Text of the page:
Amazing Kids! Magazine

When to Lend Something

By Ryan Traynor, Editor-in-Chief


The other day at school I overheard a conversation between two of my classmates. One boy asked another student if he could borrow $5 because he had left his lunch money at home. I listened as there was an exchange of conversation until finally money changed hands. It made me realize that every day we work through money negotiations, almost like we were banks. The one student needed to assess the probability of the boy’s repayment before he forked over the $5. There were a couple of things going against the boy: he was not responsible enough to remember his money in the first place so why would he remember to make the repayment, he did not have a job while he was going to school so the repayment would come from some party unknown to the other student, there was a time limit because the lunch crowd was beginning, so the student did not have much time to make his decision.

Our everyday lending decisions that may include loaning your bicycle to a friend to go to the store, borrowing a sweater because the weather was colder than you predicted, or needing an extra quarter because you underestimated the cost of your drink. We weigh various criteria before offering our things to other people. Banks call this making a credit analysis.

The credit analysis by a bank includes what is called “The 5 C’s of Credit.” These include:

Character – what loans have been repaid on time before, time on the job, how long they’ve lived at the same house or gone to the same school. The longer someone has been in one place, the more stable they are considered to be. If you know your friend repays loans first thing the next day and they have many instances where they have done this, they have good character.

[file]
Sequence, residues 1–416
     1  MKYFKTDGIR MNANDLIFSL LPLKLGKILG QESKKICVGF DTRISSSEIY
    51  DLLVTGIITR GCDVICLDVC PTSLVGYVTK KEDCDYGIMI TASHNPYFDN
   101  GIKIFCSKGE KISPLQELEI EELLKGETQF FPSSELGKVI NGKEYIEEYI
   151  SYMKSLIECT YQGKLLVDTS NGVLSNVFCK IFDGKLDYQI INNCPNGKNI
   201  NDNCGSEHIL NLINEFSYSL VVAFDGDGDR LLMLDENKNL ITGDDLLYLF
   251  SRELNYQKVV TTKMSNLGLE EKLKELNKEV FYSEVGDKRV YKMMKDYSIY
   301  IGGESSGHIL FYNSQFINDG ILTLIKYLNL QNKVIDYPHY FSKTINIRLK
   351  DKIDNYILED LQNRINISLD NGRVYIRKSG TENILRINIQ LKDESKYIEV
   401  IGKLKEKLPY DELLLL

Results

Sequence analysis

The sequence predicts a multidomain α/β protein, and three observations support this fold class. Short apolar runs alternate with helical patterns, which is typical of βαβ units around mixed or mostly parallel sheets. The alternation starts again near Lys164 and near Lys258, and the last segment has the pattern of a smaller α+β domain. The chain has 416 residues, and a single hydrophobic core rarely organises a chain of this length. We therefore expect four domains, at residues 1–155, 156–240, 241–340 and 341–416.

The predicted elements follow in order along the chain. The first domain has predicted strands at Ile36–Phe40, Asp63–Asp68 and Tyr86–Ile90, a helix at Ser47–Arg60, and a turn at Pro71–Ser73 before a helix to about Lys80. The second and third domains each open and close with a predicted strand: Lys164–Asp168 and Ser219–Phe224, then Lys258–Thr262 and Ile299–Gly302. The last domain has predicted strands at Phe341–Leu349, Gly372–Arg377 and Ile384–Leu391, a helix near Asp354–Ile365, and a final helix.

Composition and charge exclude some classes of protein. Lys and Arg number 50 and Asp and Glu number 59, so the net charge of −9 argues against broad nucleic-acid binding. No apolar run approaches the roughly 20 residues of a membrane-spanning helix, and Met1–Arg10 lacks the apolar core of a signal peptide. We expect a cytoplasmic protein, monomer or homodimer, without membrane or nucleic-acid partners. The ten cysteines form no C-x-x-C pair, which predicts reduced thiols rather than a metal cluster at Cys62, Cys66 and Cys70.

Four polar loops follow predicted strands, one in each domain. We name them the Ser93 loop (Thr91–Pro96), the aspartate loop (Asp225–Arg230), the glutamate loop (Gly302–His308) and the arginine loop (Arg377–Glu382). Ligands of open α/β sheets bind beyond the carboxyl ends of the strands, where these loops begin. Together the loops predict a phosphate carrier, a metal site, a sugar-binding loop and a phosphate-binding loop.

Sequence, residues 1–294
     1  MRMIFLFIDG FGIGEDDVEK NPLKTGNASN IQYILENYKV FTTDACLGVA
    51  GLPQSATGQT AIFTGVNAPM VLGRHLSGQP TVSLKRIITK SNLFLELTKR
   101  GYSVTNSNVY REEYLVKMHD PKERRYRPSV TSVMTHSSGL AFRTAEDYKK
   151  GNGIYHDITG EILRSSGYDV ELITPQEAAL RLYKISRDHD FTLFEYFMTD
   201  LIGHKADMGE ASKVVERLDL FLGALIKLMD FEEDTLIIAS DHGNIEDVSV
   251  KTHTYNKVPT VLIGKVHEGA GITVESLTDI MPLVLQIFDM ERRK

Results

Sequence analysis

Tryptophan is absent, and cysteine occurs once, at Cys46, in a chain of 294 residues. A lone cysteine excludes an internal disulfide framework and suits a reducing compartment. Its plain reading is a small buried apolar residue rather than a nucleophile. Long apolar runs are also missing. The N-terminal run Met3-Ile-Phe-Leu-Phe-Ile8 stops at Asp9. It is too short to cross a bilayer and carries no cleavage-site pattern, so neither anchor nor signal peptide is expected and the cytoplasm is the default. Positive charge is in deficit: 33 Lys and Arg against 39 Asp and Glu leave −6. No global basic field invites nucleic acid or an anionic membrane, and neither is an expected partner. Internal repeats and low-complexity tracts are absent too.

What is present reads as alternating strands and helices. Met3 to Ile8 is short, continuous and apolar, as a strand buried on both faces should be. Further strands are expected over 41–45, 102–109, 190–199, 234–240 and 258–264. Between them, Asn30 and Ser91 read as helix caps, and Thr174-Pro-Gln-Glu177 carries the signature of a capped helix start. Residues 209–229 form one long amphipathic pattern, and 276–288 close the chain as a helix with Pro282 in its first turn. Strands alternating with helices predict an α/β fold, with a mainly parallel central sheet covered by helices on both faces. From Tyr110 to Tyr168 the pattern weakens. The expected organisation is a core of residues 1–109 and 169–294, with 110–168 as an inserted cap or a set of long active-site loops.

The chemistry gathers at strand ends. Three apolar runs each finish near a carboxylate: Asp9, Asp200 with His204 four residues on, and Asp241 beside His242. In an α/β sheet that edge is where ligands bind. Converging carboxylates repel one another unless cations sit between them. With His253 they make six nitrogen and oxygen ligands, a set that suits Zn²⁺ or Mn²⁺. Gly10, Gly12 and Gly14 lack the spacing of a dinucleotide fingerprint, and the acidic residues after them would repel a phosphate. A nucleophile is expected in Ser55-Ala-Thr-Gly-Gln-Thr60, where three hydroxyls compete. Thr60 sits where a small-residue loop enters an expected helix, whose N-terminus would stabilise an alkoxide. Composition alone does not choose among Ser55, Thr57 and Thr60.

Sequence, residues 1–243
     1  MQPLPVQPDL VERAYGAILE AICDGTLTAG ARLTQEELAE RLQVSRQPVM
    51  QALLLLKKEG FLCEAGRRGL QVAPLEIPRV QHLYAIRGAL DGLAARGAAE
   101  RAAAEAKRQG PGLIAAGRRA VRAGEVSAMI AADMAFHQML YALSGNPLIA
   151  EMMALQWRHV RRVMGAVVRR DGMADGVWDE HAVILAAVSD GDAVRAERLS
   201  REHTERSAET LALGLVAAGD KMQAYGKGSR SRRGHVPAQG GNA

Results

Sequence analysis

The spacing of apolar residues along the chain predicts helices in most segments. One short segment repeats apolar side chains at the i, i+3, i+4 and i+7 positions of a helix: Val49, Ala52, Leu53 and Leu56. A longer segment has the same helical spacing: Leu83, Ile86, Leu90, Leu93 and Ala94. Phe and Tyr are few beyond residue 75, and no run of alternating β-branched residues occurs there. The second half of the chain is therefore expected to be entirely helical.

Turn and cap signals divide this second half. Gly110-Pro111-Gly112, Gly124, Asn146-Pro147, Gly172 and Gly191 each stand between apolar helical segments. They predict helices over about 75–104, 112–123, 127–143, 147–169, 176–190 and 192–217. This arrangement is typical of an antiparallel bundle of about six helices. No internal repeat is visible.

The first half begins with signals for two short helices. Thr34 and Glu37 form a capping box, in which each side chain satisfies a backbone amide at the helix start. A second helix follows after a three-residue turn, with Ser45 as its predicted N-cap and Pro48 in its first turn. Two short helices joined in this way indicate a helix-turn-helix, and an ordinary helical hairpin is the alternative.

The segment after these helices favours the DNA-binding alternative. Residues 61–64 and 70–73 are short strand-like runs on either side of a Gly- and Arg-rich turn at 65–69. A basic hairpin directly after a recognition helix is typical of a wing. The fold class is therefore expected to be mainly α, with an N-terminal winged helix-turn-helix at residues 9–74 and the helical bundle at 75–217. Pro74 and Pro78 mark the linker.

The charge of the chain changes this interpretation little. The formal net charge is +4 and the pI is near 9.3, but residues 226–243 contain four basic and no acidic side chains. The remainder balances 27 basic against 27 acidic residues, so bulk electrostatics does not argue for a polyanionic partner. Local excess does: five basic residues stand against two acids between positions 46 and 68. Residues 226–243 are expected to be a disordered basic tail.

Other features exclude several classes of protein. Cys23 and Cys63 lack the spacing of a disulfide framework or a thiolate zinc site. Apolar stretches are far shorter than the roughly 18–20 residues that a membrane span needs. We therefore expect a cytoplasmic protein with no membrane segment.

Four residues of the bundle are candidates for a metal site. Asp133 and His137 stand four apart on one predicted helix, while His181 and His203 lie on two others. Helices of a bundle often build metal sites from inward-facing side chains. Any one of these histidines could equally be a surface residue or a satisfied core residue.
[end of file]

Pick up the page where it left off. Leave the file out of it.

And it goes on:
Capacity – look at how much is owed versus how much they earn. If you know your friend gets a weekly allowance or some other income such as babysitting on a regular basis, then they have the capacity to repay the loan.

Capital – how much you own minus how much you owe. If your friend owes quite a few people money, then you’ll have to wait in line to get repaid. Knowing what other debts they have outstanding is a good predictor of whether they are good for the loan.

Collateral – anything of value that you can take if the loan is not repaid. Perhaps you’ll like to take someone’s ring or something else of value until they repay the loan. If they don’t repay, you get an agreement that you can keep the “collateral”. Another option is to get a guarantee. This means if one person can’t pay, another person guarantees that they will pay if the other one can’t. Many times this is the parents of the student, but it could be other friends. Just make sure the other person guaranteeing can make the payment as well.

Conditions – anything happening that might affect their financial situation or ability to repay – If summer is coming up and you know the boy has a summer job, that would be considered a good condition. However, if you know that the mall is not hiring this summer due to a bad economy, that information may be a bad condition that will affect their ability to repay.

These are fancy terms the banks use to determine whether to trust someone to repay the loan. Just remember the principles behind these terms so that you can add good judgement into that “gut feel” when you are lending something of value to someone else. Generosity is important, but gaining someone’s trust by following through with your promise is also important.